HONOLULU (KHON2) — The Pearl Highlands Center parking garage adjacent to the rail station was once part of the plan. Now, one month before the opening of the rail, residents are still asking where they can park.

“It’s going to be really difficult for citizens and residents to transition to rail without the parking and without the safety improvements,” said Charmaine Doran, Pearl City Neighborhood Board vice chair.

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Honolulu Authority for Rapid Transportation told KHON2.com that during preliminary plans, costs continued to soar for a parking structure near the Pearl Highlands Station, with each stall at $206,000.

According to HART, reasons for the deferral of the project included the location and the $330 million price tag.

The city said it’s still committed to finding an effective way to provide better access to the station. However, there’s no parking available at Leeward Community College.

The Department of Transportation Services said there are three park-and-ride sites providing more than 1,200 parking spots at the Keoneae, Hoopili and Stadium stations. Adjusted and new bus routes will also connect to all rail stations.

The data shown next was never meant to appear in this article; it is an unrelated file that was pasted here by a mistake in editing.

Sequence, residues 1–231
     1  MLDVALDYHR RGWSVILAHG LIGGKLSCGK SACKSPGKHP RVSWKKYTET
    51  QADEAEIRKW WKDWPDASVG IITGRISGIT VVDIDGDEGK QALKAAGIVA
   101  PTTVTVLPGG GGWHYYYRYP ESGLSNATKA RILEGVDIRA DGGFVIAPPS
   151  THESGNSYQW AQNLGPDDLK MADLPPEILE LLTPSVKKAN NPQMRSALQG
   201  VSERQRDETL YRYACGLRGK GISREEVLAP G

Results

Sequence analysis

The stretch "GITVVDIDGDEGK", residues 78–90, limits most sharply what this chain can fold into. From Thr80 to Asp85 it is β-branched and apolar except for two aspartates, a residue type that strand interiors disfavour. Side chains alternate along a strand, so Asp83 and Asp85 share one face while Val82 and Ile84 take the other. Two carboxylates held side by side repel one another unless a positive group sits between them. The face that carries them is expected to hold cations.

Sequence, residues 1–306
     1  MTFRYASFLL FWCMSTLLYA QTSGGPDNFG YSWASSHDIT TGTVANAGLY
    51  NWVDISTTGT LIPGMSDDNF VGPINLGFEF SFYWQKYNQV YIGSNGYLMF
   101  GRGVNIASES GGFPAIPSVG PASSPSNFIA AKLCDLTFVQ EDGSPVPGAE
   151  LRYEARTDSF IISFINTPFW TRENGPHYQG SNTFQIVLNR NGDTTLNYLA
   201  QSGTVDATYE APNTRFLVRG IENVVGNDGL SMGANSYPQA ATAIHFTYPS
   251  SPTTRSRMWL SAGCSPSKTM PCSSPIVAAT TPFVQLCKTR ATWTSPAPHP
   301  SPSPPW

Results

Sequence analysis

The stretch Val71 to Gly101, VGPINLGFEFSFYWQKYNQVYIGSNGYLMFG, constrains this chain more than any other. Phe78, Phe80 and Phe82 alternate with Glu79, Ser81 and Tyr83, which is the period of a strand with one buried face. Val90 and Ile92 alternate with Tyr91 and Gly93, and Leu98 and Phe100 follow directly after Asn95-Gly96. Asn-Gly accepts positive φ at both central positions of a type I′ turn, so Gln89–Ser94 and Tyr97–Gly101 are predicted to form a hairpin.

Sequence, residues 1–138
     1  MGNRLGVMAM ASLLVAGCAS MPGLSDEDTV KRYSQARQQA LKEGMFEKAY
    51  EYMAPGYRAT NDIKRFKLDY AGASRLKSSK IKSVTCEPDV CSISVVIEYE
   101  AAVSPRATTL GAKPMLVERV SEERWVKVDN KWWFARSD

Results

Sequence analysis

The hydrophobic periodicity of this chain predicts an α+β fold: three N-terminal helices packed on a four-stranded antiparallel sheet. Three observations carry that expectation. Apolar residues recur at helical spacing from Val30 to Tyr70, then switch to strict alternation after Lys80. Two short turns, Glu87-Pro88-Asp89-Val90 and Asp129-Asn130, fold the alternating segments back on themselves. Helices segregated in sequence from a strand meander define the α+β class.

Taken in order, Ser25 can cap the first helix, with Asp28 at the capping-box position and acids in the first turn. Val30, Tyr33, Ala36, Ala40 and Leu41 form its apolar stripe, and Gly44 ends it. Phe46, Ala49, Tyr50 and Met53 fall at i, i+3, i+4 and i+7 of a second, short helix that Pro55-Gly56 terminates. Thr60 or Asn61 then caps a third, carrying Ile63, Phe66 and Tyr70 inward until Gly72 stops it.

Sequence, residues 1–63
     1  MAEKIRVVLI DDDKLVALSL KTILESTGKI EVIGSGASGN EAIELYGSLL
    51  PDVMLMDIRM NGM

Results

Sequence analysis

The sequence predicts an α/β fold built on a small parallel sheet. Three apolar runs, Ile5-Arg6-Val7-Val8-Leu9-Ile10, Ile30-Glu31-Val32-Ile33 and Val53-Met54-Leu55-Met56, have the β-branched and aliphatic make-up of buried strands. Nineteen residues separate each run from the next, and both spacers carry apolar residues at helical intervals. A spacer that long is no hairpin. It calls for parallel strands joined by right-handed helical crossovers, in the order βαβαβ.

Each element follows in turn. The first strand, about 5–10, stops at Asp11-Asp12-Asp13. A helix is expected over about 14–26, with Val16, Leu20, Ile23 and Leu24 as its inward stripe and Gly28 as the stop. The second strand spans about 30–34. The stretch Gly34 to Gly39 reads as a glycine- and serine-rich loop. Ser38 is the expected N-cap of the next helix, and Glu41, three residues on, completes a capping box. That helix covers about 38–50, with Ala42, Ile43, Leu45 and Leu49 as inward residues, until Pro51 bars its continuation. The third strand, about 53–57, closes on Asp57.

“It can be kiss-and-ride, it can be a private sector which is an option our board supported, it can be a flat parking lot, it can be anything,” said Doran.

According to the 2022 HART Recovery Plan, the deferral of the Pearl Highlands parking garage is estimated to reduce overall ridership by 1,500 boardings a day. Honolulu City Councilmember Matt Weyer introduced a resolution urging the city to find other parking options.

“They’re looking at how they can incorporate parking into a project, maybe including some type of housing on top to make it a little more affordable so it’s not $200,000 for a parking stall,” said Weyer.

Residents told KHON2, better parking options would have helped with their concerns about pedestrian safety. To get to the Pearl Highlands rail station, people will have to cross Kamehameha Highway.

The city said construction of a raised crosswalk and speed humps will be installed before June 30. DTS is also seeking federal funding for the planning, design and construction of an overhead pedestrian crossing.

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“We welcome all safety improvements that would help to get access, but right now we have none of that so we really need to speed it up,” said Doran.